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Netflix Australia: What we know

With Netflix set to launch its Australian service on March 24 this year, there are a lot of rumours and whispers doing the rounds -- we break down the actual facts.

Come March 24, Australians can officially join the 50-million-plus Netflix subscribers in North America, South America and parts of Western Europe.

It's looking like 2015 will be a big year for streaming services locally, with Stan -- the Fairfax/Nine Network joint venture -- launching, joining established players such as Quickflix and EzyFlix. Netflix, with its library of TV and movies, has the advantage of already having a strong brand recognition in Australia, largely in part to the news coverage around local users circumventing Netflix's geoblocking controls to access the US version of the service.

As with any big announcement, the rumour mill is hard at work grinding out more chaff than grain. We're breaking down the definitive facts we have from Netflix itself about its upcoming Australian offering.

"It's launching on this date for this much per month"

Back in November 2014, Netflix confirmed that it was working on a March 2015 launch date for Australia, and that has now been confirmed as March 24. The service will offer a three tier system the same as the US. The offerings will be: Basic, SD streaming to one screen for AU$8.99; Standard, simultaneous streaming to two screens and HD where available, costing AU$11.99; and Premium, four-screen streaming and 4K ultra-high definition where available all for AU$14.99.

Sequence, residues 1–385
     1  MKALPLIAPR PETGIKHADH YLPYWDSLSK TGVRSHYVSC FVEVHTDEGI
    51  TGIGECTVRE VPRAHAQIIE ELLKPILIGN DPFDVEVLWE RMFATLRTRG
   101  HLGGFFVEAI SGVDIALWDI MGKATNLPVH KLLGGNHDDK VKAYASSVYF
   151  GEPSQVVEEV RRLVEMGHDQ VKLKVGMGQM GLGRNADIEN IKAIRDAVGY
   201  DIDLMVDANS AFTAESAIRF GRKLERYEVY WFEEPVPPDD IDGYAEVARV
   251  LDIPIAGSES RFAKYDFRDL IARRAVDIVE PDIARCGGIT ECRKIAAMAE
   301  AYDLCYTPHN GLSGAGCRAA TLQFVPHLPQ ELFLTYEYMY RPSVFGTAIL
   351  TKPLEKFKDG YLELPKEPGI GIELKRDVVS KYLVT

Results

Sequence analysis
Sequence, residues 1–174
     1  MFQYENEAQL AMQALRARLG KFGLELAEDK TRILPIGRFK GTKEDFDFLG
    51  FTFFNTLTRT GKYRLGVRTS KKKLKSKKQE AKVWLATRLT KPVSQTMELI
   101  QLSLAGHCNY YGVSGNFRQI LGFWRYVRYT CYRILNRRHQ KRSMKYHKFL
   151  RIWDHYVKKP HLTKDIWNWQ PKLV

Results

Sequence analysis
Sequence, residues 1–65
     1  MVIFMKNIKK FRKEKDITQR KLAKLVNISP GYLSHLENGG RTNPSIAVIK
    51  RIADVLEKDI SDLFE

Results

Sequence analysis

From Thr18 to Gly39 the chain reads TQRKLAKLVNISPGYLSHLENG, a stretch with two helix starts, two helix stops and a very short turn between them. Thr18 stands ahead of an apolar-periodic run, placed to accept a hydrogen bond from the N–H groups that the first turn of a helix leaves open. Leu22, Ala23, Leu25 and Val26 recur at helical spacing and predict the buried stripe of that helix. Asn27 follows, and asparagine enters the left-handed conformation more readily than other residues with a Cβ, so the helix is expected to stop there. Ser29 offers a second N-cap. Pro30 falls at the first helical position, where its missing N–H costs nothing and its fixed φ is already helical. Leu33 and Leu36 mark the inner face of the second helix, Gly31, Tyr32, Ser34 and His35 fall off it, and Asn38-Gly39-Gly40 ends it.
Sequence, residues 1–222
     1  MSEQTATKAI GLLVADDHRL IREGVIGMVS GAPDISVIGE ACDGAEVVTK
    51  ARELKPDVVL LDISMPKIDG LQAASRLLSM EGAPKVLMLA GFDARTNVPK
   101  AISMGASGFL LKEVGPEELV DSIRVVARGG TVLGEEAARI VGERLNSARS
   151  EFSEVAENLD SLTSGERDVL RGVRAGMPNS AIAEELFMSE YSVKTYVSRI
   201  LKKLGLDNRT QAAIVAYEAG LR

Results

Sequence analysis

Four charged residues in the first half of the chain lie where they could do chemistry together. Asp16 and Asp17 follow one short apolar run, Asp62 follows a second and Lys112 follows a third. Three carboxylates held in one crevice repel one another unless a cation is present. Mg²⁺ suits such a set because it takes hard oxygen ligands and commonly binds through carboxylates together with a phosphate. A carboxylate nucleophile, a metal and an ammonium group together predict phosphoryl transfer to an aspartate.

"These are the shows we'll be getting"

Once again, Netflix has not given a definitive rundown of what shows will be available at launch. What they have said is that the show list at day one will be the "smallest amount of content you'll see."

This doesn't mean that there won't be a lot of shows and films on offer. What Netflix means is that it will bring in new content based on what Aussies are watching and build out the catalogue based on demand. What we do end up watching may end up being influenced by Netflix' recommendation engine, which is a powerful series of algorithms that work behind the scenes to determines what shows get suggested to you by the service.

What it has confirmed are a small number of its original shows that will definitely be available at in Australia launch:

  • " Marco Polo"
  • "BoJack Horseman" (animated)
  • "Virunga" (documentary)
  • "Mission Blue" (documentary)
  • "Uganda Be Kidding Me, Live" (comedy special)
  • "Jim Jeffries: Bare" (comedy special)
Marco Polo is confirmed for Australian launch Phil Bray/Netflix